Whether you’re still serving in the armed forces or you’re a veteran using the Post-9/11 GI Bill, you may have questions about what educational choices make sense. This post considers the four educational choices you need to make after your service. Because some colleges offer the opportunity to transfer college credits for military service, you may receive a head-start in graduating from college. Here are four steps towards maximizing the number of college credits you may receive for your military experience:
Start by Requesting Your Joint Service Transcript
Members of the U.S. armed forces, including the Navy, Army, Coast Guard, and Marine Corps (on active duty or in the reserves) must contain the Defense Department obtain a Joint Services Transcript (JST). This transcription offers a recap of professional military education, armed forces training, and occupational experiences in plain language.
The college or university of your choice then translates this experience to credit towards courses offered under their curriculum. As of this writing, JSTs are accepted by 2,300+ institutions of higher learning. Your JST isn’t only needed to apply to college. It may be useful in validating your career experience to a prospective employer, too. Your JST includes:
- College test scores, e.g. CLEP, Excelsior, DSST, ACT/PEP, and NCPACE.
- Full descriptions, credit recommendations, and skill levels within the military occupations.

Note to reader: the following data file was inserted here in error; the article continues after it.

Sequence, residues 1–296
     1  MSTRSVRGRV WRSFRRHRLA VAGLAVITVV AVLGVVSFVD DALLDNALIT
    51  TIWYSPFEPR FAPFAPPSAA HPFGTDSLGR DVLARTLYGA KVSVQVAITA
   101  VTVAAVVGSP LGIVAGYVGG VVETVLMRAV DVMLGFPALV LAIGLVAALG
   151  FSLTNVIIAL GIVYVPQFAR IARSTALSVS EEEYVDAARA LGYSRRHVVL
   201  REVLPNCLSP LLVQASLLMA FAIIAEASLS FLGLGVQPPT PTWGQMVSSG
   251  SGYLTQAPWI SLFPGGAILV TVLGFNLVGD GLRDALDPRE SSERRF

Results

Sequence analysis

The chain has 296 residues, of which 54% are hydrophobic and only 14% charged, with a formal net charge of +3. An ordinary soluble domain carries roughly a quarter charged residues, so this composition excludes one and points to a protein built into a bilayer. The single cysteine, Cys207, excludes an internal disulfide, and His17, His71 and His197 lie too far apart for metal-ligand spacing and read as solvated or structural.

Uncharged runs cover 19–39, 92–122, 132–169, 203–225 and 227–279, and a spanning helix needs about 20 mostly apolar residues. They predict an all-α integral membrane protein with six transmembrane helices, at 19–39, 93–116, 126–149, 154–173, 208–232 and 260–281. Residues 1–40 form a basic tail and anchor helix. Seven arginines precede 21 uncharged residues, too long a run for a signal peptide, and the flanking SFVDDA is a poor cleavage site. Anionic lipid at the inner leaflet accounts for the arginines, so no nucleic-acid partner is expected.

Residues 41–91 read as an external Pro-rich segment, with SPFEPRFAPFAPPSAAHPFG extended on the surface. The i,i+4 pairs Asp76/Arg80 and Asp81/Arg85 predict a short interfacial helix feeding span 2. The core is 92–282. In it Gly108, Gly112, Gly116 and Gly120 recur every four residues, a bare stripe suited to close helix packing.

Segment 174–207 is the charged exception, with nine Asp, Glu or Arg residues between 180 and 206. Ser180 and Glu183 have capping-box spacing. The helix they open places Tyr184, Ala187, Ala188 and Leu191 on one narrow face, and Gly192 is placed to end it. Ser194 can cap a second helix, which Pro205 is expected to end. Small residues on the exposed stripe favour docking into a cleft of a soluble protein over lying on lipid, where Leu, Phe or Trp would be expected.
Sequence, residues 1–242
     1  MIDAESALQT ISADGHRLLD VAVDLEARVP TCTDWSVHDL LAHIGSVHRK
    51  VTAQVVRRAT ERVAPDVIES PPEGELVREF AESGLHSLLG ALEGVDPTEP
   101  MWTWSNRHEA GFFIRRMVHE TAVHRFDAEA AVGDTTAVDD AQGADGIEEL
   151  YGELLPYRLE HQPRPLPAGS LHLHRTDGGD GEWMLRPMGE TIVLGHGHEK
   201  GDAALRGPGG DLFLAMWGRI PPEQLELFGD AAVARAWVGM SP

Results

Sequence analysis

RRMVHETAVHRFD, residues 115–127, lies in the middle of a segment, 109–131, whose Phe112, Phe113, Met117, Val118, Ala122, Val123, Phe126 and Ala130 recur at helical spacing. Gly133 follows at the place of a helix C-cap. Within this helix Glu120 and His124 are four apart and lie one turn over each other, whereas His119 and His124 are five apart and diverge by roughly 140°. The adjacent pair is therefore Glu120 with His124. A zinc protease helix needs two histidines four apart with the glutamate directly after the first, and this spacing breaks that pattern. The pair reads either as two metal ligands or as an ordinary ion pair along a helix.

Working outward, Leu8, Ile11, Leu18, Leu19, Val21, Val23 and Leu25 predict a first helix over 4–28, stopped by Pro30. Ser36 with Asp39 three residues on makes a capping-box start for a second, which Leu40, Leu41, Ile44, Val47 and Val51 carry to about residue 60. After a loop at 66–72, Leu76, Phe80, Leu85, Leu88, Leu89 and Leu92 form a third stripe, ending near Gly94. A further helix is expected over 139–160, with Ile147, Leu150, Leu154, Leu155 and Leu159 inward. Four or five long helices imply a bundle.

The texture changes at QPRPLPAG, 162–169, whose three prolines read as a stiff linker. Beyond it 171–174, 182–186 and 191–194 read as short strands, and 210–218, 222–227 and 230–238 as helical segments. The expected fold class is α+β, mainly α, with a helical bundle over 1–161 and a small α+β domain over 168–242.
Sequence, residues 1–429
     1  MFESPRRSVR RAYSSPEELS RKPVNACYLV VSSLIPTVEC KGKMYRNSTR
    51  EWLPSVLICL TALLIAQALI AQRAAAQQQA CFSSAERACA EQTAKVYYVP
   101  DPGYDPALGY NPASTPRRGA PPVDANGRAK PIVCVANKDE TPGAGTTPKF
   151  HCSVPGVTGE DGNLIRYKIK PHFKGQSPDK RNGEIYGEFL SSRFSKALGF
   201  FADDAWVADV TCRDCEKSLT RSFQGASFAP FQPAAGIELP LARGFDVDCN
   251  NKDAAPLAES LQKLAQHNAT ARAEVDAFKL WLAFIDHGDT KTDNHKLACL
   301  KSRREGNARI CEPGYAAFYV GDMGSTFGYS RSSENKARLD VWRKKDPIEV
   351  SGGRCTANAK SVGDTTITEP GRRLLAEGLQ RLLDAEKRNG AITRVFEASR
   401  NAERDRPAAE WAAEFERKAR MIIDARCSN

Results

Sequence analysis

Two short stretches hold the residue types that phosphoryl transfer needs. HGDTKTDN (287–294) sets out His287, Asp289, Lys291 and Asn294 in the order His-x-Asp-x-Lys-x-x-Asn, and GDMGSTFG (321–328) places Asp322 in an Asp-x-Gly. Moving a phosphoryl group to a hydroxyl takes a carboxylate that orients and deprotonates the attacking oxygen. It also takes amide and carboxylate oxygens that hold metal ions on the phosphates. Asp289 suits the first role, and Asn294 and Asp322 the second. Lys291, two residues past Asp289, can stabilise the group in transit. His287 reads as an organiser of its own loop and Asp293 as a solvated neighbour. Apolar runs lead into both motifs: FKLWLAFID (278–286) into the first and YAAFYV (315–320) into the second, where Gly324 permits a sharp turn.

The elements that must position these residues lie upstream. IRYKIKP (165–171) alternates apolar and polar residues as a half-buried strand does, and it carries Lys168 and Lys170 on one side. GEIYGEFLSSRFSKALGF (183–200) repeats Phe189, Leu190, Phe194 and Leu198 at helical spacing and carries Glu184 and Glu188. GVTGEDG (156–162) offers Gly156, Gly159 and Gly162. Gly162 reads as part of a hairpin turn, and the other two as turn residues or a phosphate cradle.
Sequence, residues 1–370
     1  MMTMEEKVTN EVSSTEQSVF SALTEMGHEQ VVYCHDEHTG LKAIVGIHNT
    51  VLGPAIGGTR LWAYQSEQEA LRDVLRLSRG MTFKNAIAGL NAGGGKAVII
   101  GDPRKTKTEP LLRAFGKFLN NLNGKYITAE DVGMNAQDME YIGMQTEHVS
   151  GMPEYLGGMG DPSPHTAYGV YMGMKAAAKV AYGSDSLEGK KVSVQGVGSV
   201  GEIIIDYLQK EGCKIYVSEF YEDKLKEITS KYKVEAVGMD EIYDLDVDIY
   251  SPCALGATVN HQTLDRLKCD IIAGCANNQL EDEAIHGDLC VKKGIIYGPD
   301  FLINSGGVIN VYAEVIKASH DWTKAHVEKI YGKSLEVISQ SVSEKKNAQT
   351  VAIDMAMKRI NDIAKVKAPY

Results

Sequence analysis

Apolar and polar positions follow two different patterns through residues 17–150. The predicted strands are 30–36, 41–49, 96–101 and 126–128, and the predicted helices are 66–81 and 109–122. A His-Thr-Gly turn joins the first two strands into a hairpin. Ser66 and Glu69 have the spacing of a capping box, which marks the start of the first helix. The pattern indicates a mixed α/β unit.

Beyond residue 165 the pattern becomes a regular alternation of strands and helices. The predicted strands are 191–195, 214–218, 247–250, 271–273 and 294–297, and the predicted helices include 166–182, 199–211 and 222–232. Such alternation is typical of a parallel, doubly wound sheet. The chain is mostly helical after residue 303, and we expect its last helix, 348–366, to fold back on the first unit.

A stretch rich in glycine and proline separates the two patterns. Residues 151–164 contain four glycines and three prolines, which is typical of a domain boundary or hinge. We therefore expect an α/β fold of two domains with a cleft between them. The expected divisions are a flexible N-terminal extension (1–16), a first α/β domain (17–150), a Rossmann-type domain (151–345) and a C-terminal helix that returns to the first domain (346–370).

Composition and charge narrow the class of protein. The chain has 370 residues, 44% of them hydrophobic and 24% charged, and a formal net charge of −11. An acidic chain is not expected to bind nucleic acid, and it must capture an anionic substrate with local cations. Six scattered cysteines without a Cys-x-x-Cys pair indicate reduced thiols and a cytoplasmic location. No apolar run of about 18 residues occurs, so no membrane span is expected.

- American Council on Education (ACE) courses that haven’t been evaluated for college credit.
- ACE-evaluated coursework (including credit recommendations and course descriptions) completed.
Order Your Transcript
Visit the Joint Services Transcript site to create an account. Then click on the transcript link to view, save, or print your online unofficial (free) transcript. You may elect to have your official JST transcript sent to the college of your choice. If you’re a member of the Air Force, contact the Community College of the Air Force (CCAF) to obtain your transcript. You may request an official transcript from the CCAF online transcript system.
If you’ve taken previous courses at a community college, university, or online colleges for the military, obtain your official transcripts for those completed courses. Ask the college or university to evaluate credits before enrollment to save time and money.
Online Colleges for the Military
Online colleges and programs for the military promote lifelong learning. Whether you’re active duty or a veteran, flexible online colleges for military members help you go wherever life takes you. Choose an online program that’s focused on active military and veterans to get started with their education benefits.
Select a Course of Study
Choose a major as soon as you can. The sooner you get started in your new program, the better. Your college program is the beginning of a new civilian career that will allow you to realize personal goals and dreams. Consider strengths and interests to choose a degree program.
Some careers more easily align with your previous military experience, including:
- Medicine and Health Care
- Criminal Justice
- Computer Science or Information Technology
Realize that the benefits from the GI Bill can help you follow your dreams. Consider your interests, including things you most enjoy doing, as well as the things you’re good at.
Choose a College
The choice of your college or university may be as important as your major. Do your homework before making the decision. The alumni network of your school can facilitate your ability to find the best new job after military service.
Many schools self-advertised as veteran-friendly attract a modest number of veterans. Ask the school’s admissions office about the veterans who’ve graduated from the school. Review the college’s scorecard at the Department of Education. Consider the college tuition costs, average amount the graduate borrows, loan default rates, graduation rates, and employment rates.